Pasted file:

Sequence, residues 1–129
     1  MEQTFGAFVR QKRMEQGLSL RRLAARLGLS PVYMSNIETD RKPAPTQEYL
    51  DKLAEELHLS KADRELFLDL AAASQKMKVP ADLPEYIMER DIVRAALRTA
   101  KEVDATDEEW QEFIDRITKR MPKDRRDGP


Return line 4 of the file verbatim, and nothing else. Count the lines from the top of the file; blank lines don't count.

   101  KEVDATDEEW QEFIDRITKR MPKDRRDGP